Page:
The International Ultraviolet Association will present a panel discussion on the fast developing new applications of ultraviolet technology for the disinfection of healthcare settings as part of its World Congress being held in Las Vegas this fall.
"This presentation is probably one of the first ever on this subject held at an international meeting of engineering and industry professionals," says Deb Martinez, executive director of IUVA.
The panel discussion will be held from 2 p.m. to 5 p.m. on Sept. 21 at the Mirage Hotel.
Co-chairs of the panel will be Peter E. Gordon, senior partner, Germgard Lighting, LLC, and Mary Clancy, president and CEO of Secure Environmental Health Interiors, LLC.
Participants on the panel will include: Shelly Miller, PhD, from the University of Colorado at Boulder; Cheryl Perkins, founder and president of Innovationedge; Richard Vincent, environmental health and research manager, Mount Sinai School of Medicine; and Jim Gabalski, vice president of marketing, North America Getinge USA, Inc.
As infection rates persist at healthcare facilities worldwide, placing patients and workers at risk, there is an increased demand for effective solutions to combat and control infectious pathogens in healthcare settings. Ultraviolet-based disinfection technologies have the potential to create cost effective products and solutions that would enable new and improved germicidal interventions. Such approaches could sever key pathogen transmission pathways that cause infections, resulting in lower infection rates and lower healthcare costs.
The market for ultraviolet-based pathogen reduction technologies could grow at a rapid pace. There could also be opportunities for real-time monitoring techniques that would provide disinfection assurance data to infection prevention managers and hospital administrators.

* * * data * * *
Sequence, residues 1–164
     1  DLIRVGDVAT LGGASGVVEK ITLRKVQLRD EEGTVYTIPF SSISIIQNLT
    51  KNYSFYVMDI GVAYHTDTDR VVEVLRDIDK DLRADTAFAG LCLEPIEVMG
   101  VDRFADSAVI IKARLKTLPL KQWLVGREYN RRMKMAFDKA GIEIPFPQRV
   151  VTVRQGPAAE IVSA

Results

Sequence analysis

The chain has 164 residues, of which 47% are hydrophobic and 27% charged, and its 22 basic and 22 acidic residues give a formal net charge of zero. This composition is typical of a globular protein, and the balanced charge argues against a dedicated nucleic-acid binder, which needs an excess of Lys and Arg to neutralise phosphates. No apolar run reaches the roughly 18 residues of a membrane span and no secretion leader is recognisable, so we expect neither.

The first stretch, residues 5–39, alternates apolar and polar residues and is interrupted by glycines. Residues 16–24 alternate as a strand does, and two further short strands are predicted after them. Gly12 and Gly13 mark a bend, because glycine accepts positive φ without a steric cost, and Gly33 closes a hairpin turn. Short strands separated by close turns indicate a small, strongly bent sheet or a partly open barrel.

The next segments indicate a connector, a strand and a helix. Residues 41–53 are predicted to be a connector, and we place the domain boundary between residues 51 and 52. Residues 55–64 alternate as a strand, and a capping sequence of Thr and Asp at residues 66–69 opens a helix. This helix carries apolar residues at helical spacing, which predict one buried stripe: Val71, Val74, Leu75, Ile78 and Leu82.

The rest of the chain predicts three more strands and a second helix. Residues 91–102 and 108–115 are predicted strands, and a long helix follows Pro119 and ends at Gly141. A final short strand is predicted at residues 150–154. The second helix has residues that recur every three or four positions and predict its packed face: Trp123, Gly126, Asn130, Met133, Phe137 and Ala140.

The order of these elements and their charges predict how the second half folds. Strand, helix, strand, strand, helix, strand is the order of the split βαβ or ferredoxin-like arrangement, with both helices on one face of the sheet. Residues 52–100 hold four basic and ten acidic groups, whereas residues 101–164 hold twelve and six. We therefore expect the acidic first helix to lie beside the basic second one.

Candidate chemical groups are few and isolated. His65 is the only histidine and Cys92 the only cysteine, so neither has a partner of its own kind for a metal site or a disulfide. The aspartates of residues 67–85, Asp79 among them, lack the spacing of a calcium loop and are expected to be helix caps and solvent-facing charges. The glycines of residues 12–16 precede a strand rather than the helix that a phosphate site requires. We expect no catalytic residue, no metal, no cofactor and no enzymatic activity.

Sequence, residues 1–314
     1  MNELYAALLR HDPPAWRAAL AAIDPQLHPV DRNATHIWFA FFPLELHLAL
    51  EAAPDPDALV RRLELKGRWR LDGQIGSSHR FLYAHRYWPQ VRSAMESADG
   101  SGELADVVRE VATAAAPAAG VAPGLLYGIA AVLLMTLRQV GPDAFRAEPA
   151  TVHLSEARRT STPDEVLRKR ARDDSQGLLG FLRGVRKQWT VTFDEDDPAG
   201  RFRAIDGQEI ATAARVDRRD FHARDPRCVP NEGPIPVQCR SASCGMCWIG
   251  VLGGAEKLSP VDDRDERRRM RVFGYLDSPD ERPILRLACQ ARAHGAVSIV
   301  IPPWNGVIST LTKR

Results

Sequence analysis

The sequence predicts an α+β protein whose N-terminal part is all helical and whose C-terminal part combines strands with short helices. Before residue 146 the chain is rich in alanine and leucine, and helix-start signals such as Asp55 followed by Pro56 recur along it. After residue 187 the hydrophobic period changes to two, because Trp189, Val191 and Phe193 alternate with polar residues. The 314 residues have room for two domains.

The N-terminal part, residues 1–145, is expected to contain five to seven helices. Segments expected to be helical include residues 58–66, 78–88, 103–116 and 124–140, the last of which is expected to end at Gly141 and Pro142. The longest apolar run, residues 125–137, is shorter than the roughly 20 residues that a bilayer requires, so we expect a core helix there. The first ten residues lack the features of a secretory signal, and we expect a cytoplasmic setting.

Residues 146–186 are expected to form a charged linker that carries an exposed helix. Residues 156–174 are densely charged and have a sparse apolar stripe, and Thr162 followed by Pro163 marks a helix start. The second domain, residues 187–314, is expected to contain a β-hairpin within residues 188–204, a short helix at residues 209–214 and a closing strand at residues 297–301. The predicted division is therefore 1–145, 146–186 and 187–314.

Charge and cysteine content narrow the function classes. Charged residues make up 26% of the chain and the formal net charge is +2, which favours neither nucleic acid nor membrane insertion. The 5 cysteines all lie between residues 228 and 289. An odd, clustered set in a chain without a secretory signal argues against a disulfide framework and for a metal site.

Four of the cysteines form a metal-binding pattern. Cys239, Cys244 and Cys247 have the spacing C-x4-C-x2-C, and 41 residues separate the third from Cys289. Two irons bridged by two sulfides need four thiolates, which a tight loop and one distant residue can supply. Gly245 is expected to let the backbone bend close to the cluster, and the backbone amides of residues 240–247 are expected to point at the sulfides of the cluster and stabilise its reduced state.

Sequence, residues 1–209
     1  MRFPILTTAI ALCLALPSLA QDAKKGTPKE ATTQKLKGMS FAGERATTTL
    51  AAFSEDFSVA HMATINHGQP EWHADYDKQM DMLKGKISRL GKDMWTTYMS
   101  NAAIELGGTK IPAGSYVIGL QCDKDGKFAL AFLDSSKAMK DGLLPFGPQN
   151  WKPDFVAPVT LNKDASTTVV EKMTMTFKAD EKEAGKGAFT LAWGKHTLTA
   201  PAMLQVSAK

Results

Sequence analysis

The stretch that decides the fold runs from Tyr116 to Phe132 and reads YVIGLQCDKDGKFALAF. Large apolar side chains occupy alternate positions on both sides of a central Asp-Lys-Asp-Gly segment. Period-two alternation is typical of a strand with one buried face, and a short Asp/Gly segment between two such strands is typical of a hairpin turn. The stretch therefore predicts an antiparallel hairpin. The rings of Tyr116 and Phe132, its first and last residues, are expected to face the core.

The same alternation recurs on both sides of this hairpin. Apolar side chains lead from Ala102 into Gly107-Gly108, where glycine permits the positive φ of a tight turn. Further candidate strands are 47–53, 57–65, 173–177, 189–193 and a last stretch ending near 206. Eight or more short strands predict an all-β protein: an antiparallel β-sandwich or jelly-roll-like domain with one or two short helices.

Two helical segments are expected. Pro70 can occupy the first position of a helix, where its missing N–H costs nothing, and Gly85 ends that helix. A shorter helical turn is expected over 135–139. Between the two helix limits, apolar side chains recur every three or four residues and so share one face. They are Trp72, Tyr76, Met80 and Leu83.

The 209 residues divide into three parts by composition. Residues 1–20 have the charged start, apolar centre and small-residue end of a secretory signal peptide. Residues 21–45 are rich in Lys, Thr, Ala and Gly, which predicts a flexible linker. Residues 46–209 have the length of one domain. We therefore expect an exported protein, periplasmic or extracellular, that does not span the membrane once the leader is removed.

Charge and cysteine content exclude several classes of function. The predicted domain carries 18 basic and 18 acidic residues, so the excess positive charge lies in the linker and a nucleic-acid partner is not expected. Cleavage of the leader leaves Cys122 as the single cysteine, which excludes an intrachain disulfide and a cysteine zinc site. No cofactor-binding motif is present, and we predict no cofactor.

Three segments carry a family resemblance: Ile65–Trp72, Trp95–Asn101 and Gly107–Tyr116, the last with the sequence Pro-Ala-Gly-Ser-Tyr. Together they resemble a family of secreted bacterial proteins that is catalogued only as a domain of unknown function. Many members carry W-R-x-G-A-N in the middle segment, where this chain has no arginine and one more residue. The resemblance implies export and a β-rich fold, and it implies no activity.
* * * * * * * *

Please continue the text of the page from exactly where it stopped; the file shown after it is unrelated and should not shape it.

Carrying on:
The panel will address:
- How should ultraviolet disinfection be used
- What off-the-shelf technology can be utilized today
- What new technology will be required to provide effective and creative solutions
- What market opportunities will this create
- What demonstration projects and user trials will be required for adoption
- What results should the infection prevention community expect from widespread ultraviolet technology use
- What level of cooperation is required among suppliers and IUVA members in order to promote adoption
"This panel of industry experts will explore the pertinent issues associated with the use of ultraviolet technology for infection prevention, as well as the potential for this technology to lower healthcare infection rates," says Martinez.
The panel will be presented in conjunction with the IUVA-IOA World Congress being held at the Mirage Hotel Sept. 22-26. Registration is available at www.iuva.org.
The International Ultraviolet Association comprises industry, government, academia and others worldwide who are interested and concerned with advancing the science, engineering and applications of ultraviolet technologies to enhance the quality of human life and protect the environment.
Source: International Ultraviolet Association